Gambling on election results has become big business in recent years. Colourful candidates help juice up the betting. For instance, when Donald Trump first announced his campaign for the presidency in August 2015 the odds on his victory were 25 to 1, reported Fortune magazine. They were still 5 to 1 on the day of the election, indicating he was still considered a rank outsider even in a two horse race. One gutsy gambler made $2.5 million betting on Trump’s victory, according to Betfair.
Meanwhile Trump is currently the bookies’ hot favourite to get re-elected next November: Ladbrokes have him at 11 to 10. By contrast the chances of Elizabeth Warren winning the presidency are 9 to 2 and Joe Biden is at 5 to 1.
Paradoxically in the gambling hub of Macau all bets were off when it came to the election of the territory’s new leader. That’s because there was only one candidate: Ho Iat-seng was elected unopposed as chief executive-designate by a committee of 400 local representatives at the end of August.
Ho takes on the role in December. His election victory was approved last week by the State Council, and its spokesman was complimentary, describing the city’s new boss as “up to the central government’s standard for the position, as he loves the country and Macau, and is trusted by the central government”.
Born in Macau to a wealthy family, Ho’s ties with mainland China are extensive after studying there as a young man and serving for many years on the National People’s Congress. He served as the president of Macau’s legislative Assembly, before resigning as a precursor to getting Macau’s top political job.
His campaign has talked about making government more efficient and the local media has sounded approving of his main career as a businessman, saying that it makes him a man who will get things done. But Ho will be taking office at a difficult time, with gaming revenues down sharply this year and the economy dipping into a technical recession after two consecutive quarters of negative growth. The number of punters turning up has been hit by a slew of unwelcome factors, including the drag on the Chinese economy of the Sino-US trade war.
Also getting a fair amount of comment is his lack of direct ties to the casino industry, with the suggestion that this might make him more willing to overhaul the all-powerful sector. At the very least he’ll need to oversee the retendering for six gaming licences, all of whose concessions expire in 2022. The retendering process has already been delayed and there is speculation that the outcome is being complicated by the trade war with Washington, with the American casino operators such as Wynn Macau and Sands China becoming potential pawns in a wider battle (see WiC431).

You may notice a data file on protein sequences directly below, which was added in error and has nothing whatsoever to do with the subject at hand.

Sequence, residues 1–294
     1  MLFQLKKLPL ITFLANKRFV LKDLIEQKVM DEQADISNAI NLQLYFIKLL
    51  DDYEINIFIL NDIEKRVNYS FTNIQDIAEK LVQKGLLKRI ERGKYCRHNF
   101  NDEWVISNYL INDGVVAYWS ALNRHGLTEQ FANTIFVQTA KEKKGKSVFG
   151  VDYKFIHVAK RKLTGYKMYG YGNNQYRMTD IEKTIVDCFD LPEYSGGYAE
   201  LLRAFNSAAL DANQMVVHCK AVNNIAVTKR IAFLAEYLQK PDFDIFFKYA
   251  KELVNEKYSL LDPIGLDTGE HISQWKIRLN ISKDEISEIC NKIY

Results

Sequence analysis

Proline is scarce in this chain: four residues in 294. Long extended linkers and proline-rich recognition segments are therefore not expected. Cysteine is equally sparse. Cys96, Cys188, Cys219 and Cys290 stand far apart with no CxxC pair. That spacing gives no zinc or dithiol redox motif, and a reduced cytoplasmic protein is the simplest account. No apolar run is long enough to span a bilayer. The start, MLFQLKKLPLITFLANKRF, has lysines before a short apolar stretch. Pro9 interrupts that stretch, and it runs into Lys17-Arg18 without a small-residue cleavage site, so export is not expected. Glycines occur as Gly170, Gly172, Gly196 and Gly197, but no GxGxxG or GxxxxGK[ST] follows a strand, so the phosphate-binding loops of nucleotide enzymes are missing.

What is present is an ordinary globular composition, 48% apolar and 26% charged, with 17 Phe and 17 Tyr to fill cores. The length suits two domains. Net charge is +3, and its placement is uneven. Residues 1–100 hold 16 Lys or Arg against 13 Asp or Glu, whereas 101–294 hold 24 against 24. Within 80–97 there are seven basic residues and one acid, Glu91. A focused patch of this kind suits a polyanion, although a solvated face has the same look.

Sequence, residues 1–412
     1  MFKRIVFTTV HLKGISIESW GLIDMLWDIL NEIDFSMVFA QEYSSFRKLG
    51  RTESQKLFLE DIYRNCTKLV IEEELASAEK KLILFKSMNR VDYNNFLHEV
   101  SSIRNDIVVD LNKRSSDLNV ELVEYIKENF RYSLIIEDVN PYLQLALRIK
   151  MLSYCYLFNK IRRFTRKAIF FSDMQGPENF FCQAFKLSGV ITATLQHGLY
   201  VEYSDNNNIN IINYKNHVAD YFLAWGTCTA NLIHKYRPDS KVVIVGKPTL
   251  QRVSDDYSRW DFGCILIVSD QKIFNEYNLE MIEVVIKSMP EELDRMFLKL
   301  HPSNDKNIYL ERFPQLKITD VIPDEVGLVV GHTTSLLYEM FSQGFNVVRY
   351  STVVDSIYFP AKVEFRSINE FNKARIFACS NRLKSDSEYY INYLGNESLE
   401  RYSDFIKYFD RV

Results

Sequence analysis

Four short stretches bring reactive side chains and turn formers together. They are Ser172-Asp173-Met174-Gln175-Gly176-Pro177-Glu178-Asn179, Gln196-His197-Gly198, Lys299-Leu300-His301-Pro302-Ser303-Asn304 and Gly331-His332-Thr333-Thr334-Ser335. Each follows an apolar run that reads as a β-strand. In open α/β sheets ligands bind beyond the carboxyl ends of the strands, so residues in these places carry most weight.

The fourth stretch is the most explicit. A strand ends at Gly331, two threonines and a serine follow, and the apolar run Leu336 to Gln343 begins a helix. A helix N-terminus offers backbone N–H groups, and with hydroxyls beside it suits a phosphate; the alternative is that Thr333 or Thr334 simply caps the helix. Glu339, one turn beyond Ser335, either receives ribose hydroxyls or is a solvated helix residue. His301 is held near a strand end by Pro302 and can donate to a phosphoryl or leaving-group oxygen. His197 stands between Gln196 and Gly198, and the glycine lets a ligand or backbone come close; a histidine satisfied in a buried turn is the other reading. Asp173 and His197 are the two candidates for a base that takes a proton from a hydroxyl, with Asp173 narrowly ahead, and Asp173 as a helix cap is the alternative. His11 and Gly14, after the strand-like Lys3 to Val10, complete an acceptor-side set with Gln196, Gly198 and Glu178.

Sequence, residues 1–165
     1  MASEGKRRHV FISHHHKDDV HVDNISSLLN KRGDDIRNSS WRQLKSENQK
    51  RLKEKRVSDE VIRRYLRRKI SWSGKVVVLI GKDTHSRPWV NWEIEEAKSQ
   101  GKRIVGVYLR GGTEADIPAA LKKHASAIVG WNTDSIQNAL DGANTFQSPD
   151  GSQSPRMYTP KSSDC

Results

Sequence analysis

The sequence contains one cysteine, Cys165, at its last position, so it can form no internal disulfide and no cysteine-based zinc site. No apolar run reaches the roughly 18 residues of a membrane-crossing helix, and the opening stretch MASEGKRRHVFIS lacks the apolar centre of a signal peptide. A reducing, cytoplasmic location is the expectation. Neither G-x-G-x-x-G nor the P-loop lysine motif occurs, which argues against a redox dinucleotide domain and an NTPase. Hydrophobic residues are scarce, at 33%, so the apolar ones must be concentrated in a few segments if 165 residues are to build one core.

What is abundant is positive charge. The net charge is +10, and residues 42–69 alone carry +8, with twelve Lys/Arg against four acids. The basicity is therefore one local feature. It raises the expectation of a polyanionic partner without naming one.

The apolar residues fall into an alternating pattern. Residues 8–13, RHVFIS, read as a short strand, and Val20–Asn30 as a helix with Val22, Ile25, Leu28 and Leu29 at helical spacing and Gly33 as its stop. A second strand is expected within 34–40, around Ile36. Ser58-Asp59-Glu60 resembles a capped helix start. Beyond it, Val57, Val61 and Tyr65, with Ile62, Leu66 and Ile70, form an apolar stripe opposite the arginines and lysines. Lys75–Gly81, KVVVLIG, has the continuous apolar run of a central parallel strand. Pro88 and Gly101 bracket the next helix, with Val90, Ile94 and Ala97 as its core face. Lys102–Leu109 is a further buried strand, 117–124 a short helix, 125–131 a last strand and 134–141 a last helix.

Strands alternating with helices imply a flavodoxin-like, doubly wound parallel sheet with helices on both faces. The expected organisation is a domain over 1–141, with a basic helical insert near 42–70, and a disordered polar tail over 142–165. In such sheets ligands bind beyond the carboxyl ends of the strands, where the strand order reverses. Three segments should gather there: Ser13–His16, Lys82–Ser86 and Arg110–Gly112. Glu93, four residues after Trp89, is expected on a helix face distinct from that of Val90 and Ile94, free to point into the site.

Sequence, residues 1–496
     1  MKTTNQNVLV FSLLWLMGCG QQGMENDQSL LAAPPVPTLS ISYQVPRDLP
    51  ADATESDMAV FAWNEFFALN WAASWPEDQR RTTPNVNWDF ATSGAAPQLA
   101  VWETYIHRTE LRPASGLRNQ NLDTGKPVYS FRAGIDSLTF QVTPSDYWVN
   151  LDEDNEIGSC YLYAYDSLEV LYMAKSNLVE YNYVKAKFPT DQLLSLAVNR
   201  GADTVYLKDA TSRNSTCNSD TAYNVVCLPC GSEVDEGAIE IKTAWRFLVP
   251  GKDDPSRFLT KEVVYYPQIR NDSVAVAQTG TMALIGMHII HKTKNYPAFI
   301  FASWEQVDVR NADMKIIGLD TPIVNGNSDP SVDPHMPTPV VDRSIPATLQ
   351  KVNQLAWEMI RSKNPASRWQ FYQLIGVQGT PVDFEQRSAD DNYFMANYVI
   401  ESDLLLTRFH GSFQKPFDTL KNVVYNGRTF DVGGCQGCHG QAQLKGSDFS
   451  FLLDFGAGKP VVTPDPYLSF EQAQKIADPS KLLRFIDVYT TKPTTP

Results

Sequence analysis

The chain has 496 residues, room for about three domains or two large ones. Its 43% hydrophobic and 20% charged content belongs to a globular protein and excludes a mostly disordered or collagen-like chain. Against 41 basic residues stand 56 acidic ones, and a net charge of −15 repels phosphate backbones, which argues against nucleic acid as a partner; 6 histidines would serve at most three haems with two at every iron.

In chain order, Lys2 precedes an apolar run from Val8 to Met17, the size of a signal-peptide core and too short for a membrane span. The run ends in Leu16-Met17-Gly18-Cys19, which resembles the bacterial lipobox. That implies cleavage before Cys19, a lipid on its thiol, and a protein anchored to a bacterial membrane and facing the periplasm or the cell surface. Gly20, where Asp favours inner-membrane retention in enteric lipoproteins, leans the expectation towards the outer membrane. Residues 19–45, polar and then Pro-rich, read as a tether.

Those affected would include Sheldon Adelson, chairman of the Las Vegas Sands, and the biggest financial backer of Donald Trump’s last presidential campaign. Adelson operates three major casino hotels. Any indication they’ll miss the cut will have the greatest impact between now and Trump’s re-election bid next November when the issue could spice up the trade talks.
Ho has been careful to avoid specifics on the relicencing plan, noting only that a “healthy” gaming sector is crucial to the broader development of Macau’s economy. Like previous chief executives, he has been talking about diversifying the economy away from its reliance on gaming, although progress here has been slow. In the meantime he will persist with his predecessor’s policy of pushing the casinos to double the share of revenues they earn from non-gaming (currently about a fifth). They have already responded by investing in a better selection of hotel rooms, dining options and retail choices. But policymakers want to see something much more transformative in arts and exhibitions, world-class entertainment and business conventions.
Ho will probably demand something similar as part of the bargain for licence renewal. Nonetheless he will want to avoid too much upheaval for the casinos, which deliver the vast majority of the city’s taxes – he took a conservative line in his comments last month that “many people expressed they do not want to mess up Macau”.
© ChinTell Ltd. All rights reserved.
Sponsored by HSBC.
The Week in China website and the weekly magazine publications are owned and maintained by ChinTell Limited, Hong Kong. Neither HSBC nor any member of the HSBC group of companies ("HSBC") endorses the contents and/or is involved in selecting, creating or editing the contents of the Week in China website or the Week in China magazine. The views expressed in these publications are solely the views of ChinTell Limited and do not necessarily reflect the views or investment ideas of HSBC. No responsibility will therefore be assumed by HSBC for the contents of these publications or for the errors or omissions therein.